If the employee is taken off work by a medical professional for a presumed case of COVID-19 before having a positive test result, the appropriate commencement date would be the fourth date of disability (after the waiting period). If lost time continues beyond the 14th day, the compensation during the third week must be increased to include the three-day waiting period. Iowa Code § 85.32 (2019). It is appropriate to wait to commence benefits until a positive test result is ascertained, but the worker should then be brought current on benefit entitlement at that time.

5.  How do COVID-19 related shutdowns or layoffs impact temporary benefit entitlement for non-COVID-19 related claims?

If an injured worker is off work or on restrictions and a suitable offer of employment cannot be made (which is the case if the employer is closed or shut down), then temporary benefits are owed.

Support for this can be found here:

Iowa Code section 85.33(3) states that the employer shall pay to an employee for an injury producing TTD, weekly compensation benefits until:

  • the employee has returned to work or
  • is medically capable of returning to employment substantially similar to the employment in which the employee was engaged at the time of injury, whichever occurs first.

Likewise, Iowa Code section 85.34 states that healing period is owed until:

  • the employee has returned to work,
  • is put at MMI,
  • or it’s medically indicated that the employee can return to substantially similar employment.

Relating to TPD benefits, Iowa Code 85.33(2) says TPD are owed when an employee is not capable of returning to substantially similar employment but is able to perform other work consistent with the employee’s disability.

The only exception to these entitlements is where suitable work is offered and refused. Iowa Code section 85.33(3)(a) instructs that if an employer offers an employee suitable work and that worker refuses, then temporary benefits are not owed.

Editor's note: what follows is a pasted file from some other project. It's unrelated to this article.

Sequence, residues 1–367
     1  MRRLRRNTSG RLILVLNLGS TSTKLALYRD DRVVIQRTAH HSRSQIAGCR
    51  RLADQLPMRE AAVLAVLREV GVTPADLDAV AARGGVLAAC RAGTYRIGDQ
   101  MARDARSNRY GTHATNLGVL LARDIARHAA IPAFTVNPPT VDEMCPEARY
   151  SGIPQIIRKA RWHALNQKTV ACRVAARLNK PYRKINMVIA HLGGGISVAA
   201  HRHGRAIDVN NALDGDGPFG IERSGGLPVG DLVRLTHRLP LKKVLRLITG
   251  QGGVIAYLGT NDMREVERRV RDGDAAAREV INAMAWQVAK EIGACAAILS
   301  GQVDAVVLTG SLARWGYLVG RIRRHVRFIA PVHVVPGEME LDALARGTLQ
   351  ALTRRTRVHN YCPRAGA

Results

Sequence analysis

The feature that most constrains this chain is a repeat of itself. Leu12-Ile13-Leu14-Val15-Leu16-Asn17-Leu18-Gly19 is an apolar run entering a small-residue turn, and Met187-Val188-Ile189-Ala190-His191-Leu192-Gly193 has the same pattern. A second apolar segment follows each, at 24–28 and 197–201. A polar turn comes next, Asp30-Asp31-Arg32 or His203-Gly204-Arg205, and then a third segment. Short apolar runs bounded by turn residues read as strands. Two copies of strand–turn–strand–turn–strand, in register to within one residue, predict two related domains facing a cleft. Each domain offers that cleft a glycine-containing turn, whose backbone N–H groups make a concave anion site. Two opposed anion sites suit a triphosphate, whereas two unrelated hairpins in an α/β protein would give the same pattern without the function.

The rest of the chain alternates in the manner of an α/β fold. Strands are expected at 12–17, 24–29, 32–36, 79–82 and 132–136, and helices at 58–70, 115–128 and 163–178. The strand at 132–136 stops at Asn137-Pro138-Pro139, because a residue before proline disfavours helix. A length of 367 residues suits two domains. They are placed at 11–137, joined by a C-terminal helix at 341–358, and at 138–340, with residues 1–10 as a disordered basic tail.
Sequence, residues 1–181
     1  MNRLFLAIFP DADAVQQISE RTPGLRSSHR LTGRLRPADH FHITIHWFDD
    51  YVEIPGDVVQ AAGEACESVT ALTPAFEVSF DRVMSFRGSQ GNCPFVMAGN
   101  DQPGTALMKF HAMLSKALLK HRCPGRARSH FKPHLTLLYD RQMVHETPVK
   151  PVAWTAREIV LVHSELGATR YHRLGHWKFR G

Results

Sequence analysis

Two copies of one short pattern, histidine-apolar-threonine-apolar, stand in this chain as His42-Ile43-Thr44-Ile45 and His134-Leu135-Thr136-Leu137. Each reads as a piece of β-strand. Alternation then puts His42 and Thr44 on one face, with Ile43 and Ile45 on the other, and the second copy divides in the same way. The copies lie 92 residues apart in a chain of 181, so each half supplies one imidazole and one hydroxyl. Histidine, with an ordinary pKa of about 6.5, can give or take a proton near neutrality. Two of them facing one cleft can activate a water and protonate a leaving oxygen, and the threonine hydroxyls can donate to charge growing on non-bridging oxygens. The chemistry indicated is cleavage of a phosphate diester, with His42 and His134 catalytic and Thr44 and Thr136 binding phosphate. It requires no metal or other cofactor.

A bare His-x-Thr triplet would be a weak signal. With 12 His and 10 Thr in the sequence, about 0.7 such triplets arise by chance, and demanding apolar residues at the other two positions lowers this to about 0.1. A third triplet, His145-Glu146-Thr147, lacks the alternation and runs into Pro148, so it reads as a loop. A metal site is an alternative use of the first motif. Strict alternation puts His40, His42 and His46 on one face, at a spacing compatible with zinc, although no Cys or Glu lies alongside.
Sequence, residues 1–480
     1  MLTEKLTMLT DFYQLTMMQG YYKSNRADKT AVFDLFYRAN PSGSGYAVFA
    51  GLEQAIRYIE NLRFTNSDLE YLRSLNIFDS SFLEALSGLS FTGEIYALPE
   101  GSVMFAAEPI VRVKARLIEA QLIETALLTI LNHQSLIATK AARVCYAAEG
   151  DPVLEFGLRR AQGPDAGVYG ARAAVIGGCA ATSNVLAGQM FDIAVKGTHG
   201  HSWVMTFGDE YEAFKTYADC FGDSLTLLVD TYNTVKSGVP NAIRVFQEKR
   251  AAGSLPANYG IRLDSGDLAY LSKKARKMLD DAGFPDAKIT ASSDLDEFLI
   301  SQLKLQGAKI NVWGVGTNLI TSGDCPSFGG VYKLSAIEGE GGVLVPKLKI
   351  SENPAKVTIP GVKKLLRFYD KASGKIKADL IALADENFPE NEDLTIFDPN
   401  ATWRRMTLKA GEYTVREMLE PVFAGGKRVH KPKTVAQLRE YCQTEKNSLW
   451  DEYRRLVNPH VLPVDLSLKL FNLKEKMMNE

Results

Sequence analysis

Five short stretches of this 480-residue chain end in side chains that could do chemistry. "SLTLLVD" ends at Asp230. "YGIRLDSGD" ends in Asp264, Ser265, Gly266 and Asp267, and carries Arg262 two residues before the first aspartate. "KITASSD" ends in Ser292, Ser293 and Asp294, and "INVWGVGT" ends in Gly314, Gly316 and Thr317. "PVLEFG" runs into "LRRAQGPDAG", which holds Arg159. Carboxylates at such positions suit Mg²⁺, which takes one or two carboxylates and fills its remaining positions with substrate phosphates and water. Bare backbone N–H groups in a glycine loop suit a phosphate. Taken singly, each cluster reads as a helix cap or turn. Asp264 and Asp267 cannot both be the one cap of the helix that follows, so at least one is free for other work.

6.  Do we expect to see longer periods of temporary benefit entitlement for non-COVID-19 claims because of the impact of COVID-19?

It’s possible because some providers have been suspended non-essential medical treatment. In addition, other companies have either had to shut down because of a positive case or have been subjected to a government shutdown. As discussed above, if an injured worker is off work or on restrictions and a suitable offer of employment cannot be made (which is the case if the employer is closed or shut down), then temporary benefits are owed.

7.  Will there be any permanent benefit entitlement as a result of a compensable COVID-19 claim?

We do not know the answer to this question yet, but similar to other injuries in Iowa, Claimant would have to have sustained permanent damage as a result of the illness.

 

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Peddicord Wharton Legal Updates are intended to provide information on current developments in legislation impacting our clients. Readers should not rely solely upon this information as legal advice. Peddicord Wharton attorneys would be pleased to answer any questions you may have about this update. ©2020 Peddicord Wharton. All Rights Reserved.